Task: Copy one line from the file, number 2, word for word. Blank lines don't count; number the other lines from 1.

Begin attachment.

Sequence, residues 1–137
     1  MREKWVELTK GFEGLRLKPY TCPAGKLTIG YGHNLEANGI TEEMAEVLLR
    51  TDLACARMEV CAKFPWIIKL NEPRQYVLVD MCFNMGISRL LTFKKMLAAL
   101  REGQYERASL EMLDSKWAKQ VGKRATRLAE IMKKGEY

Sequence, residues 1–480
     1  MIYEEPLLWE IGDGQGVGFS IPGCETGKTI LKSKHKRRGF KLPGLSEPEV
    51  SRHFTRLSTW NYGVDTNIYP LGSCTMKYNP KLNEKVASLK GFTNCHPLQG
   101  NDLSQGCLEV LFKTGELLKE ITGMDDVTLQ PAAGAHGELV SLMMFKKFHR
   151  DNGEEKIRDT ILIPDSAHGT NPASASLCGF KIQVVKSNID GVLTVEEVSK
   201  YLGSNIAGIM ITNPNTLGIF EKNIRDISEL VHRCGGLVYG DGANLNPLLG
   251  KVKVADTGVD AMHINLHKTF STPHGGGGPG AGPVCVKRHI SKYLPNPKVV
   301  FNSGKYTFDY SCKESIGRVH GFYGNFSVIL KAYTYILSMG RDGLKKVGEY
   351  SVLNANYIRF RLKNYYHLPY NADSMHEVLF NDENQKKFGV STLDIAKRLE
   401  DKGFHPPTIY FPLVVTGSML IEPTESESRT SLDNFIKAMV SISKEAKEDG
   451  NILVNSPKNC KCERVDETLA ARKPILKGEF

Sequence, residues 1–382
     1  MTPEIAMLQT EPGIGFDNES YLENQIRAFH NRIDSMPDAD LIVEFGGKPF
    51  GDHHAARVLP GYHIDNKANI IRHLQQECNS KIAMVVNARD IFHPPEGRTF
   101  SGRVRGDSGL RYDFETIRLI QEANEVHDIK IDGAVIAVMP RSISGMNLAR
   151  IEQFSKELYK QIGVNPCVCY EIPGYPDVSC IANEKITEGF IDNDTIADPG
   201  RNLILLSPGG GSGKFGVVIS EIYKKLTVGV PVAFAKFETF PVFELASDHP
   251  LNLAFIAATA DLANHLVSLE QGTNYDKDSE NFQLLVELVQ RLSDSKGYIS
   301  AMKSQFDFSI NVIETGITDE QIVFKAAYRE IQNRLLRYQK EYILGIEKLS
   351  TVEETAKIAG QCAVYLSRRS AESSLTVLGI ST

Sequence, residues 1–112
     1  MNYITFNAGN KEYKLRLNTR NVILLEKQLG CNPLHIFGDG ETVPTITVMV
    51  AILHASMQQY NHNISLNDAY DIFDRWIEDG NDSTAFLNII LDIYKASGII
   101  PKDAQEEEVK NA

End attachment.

     1  MREKWVELTK GFEGLRLKPY TCPAGKLTIG YGHNLEANGI TEEMAEVLLR